That swooshing sound you hear in Raleigh these days is the revolving door between government and private industry spinning away, as legislators and top administration officials are cashing in, taking their taxpayer-funded experience and insider knowledge and using it on behalf of private corporations to influence the government in which they used to serve.
When Senator Thom Goolsby resigned a few weeks ago with four months left in his two year legislative term, he said his family needed him at home in Wilmington and that he was heading back to spend time with them and work in his local law firm.
This week Goolsby told the Insider that he was opening a lobbying practice in addition to his legal work. That explains his resignation before his term ended. State law imposes a six-month waiting period for legislators before they can register to lobby their colleagues.
The timing of Goolsby’s departure means he can start roaming the legislative halls on behalf of private clients early in February, just as the 2015 General Assembly session begins.
It also means that if Governor Pat McCrory calls lawmakers into special session before the end of the year—and there is widespread speculation that a session on economic development is likely—that Goolsby won’t be there to fulfill a commitment he made to the voters in his district.
It’s also worth noting that most lobbyists spend as much time at the Legislative Building in Raleigh as members of the House and Senate, so his family might not be seeing him too much more next year after all.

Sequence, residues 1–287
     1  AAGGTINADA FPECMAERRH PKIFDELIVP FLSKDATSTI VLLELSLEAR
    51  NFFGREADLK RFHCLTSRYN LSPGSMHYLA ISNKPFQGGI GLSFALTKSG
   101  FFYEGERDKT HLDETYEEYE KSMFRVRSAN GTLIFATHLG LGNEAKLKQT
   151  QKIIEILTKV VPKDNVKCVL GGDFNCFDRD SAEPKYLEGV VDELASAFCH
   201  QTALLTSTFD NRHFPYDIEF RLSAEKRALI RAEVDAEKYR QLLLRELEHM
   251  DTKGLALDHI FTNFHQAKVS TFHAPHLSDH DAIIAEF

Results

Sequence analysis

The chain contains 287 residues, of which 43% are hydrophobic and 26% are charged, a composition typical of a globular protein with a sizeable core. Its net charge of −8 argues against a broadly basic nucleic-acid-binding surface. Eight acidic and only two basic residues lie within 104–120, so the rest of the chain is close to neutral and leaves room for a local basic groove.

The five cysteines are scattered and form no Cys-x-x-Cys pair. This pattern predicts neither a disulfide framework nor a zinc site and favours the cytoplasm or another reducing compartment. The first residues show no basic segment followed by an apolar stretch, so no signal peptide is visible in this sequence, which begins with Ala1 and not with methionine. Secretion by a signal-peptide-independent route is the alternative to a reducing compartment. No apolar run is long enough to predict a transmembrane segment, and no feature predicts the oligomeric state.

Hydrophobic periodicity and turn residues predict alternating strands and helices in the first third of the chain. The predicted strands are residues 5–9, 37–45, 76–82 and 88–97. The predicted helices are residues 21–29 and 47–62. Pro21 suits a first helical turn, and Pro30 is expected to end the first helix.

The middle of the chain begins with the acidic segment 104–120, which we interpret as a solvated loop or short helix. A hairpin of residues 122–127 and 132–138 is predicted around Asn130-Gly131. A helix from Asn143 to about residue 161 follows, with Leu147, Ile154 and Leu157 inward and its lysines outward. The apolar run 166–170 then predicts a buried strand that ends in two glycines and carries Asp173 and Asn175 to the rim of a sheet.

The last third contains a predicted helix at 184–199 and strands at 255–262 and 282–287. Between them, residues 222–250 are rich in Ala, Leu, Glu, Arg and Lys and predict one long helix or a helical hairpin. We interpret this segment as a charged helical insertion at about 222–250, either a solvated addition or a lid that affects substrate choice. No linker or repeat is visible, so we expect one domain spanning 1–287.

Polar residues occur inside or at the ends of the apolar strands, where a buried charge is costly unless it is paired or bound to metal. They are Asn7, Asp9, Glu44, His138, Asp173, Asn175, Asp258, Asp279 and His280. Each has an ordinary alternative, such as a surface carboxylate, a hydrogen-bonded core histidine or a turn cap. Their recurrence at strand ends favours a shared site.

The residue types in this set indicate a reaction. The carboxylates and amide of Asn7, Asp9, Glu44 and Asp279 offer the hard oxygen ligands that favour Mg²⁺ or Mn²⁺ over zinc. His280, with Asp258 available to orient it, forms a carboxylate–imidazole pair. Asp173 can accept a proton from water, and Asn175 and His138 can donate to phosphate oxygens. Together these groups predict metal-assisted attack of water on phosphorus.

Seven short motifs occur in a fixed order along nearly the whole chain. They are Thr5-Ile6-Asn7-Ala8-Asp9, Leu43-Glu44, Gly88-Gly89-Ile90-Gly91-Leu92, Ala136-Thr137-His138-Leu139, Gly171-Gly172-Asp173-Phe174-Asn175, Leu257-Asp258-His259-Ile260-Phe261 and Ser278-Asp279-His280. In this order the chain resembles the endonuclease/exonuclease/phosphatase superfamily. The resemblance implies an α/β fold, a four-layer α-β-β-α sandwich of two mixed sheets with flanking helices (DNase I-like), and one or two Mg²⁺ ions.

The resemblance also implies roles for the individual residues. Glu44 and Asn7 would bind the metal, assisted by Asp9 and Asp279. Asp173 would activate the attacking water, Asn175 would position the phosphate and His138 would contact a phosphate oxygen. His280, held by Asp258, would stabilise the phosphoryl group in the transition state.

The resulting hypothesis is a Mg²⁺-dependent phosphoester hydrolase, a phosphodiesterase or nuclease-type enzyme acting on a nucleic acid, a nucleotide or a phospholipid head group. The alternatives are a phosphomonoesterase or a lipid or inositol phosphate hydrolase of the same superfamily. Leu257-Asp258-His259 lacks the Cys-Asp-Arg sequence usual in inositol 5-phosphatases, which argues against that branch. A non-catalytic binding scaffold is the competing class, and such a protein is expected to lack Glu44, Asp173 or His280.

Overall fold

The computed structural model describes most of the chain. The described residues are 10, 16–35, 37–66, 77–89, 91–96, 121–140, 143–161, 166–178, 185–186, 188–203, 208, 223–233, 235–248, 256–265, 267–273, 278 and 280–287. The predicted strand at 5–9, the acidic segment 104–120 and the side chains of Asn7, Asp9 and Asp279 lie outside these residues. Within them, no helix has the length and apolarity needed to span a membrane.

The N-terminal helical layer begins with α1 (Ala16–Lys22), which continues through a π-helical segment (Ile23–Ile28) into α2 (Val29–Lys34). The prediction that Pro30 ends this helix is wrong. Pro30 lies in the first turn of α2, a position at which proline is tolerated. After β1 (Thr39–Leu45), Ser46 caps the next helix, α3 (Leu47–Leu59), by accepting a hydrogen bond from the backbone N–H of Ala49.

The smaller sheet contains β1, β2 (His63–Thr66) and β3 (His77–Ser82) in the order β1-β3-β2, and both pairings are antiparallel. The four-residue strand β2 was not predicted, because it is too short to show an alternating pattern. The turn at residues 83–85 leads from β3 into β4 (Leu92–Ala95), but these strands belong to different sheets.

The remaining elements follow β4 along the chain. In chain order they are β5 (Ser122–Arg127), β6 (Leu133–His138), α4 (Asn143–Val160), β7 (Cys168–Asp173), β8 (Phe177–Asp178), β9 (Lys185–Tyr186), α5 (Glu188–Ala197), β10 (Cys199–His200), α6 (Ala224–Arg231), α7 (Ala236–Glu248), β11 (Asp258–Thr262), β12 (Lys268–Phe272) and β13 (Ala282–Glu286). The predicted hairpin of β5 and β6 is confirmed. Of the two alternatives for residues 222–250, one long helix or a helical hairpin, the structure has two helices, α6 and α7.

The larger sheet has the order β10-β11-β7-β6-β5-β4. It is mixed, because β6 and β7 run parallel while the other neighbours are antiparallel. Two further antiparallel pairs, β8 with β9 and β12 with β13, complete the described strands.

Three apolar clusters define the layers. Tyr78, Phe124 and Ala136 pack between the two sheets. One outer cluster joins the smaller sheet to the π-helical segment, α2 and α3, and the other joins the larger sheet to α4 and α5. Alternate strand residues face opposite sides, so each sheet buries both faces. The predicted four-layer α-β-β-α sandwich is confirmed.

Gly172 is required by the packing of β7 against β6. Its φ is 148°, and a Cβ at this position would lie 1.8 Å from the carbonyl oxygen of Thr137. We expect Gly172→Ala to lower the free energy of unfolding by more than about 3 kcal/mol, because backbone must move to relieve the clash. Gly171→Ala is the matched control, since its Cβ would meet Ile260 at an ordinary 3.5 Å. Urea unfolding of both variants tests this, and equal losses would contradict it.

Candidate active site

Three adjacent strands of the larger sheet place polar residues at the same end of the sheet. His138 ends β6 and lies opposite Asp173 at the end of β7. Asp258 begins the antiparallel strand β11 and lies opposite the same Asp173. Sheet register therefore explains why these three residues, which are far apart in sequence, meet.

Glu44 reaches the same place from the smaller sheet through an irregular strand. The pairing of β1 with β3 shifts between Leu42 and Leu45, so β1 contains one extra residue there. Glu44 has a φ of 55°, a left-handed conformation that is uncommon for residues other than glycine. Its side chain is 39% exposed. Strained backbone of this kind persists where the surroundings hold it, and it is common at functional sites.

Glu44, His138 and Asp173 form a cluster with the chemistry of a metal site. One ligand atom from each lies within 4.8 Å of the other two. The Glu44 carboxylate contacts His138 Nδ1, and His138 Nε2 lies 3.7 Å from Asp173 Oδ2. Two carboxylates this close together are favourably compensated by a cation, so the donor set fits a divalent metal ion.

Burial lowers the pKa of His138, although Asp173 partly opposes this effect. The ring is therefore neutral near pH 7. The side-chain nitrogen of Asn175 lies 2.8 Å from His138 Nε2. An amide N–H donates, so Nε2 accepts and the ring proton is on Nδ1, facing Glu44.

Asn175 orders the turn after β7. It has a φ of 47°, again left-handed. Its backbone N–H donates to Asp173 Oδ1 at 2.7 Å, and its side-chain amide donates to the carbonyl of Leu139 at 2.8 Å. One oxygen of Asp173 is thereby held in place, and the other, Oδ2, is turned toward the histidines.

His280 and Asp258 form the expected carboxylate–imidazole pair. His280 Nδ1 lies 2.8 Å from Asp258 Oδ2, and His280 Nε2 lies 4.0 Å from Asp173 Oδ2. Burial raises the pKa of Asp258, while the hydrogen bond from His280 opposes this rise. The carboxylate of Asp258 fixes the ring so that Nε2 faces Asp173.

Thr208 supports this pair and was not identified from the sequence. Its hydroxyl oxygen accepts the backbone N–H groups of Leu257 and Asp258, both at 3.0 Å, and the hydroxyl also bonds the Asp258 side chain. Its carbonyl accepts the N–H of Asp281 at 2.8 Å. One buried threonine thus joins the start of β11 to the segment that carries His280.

The more important issue is the ridiculously short cooling off period required of legislators. Six months is nothing as Goolsby’s cynical resignation makes clear. It is in effect no waiting period at all.
Goolsby’s announcement that he’s entering the lobbying world comes the same week as former House Speaker Harold Brubaker was named the most influential lobbyist in Raleigh with his long list of well-heeled corporate clients.
Brubaker resigned before the end of his term in 2012 so he could start being paid to influence his colleagues in the 2013 session and he has been using his influence and counting his money ever since.
And it’s not just members of the General Assembly cashing in.
Mardy Peal, hired last year by DHHS Secretary Aldona Wos to help with the state’s Medicaid reform efforts, announced this week she that is leaving the department to spend more time with her family.
The next day came the not so surprising news that Peal was going to work as head of business development at WellCare, a health maintenance organization that works in the Medicaid area. What a coincidence.
Conceivably WellCare could be bidding for a massive contract from the state if efforts to privatize the Medicaid program are successful. Who better to help the company get a contract than a well-connected insider from the department?
And Peal is not the first high-ranking DHHS official to leave for WellCare. Former Medicaid Director Carol Steckel left last fall to go to work for the company that now seems well positioned if the privatization scheme moves forward. Maybe the company can hire Goolsby and Brubaker as their lobbyists.
There is nothing in state law that prohibits top officials from going to work for a company that they dealt with in their official capacity. There’s no waiting period either. Legislation that would have prevented the obvious ethical conflict was introduced in the House in 2013 but didn’t get very far.
A DHHS spokesperson told WRAL-TV there were not any “particular concerns” with Peal taking her insider knowledge to a company that may be seeking business with the state. And there hasn’t been much of an outcry about Goolsby’s announcement either.
It’s business as usual in Raleigh. The revolving door of insider influence and money is spinning away, with every turn further eroding public confidence in our democracy.
Revolving door photo by Dan4th is licensed under the Creative Commons Attribution 2.0 Generic license.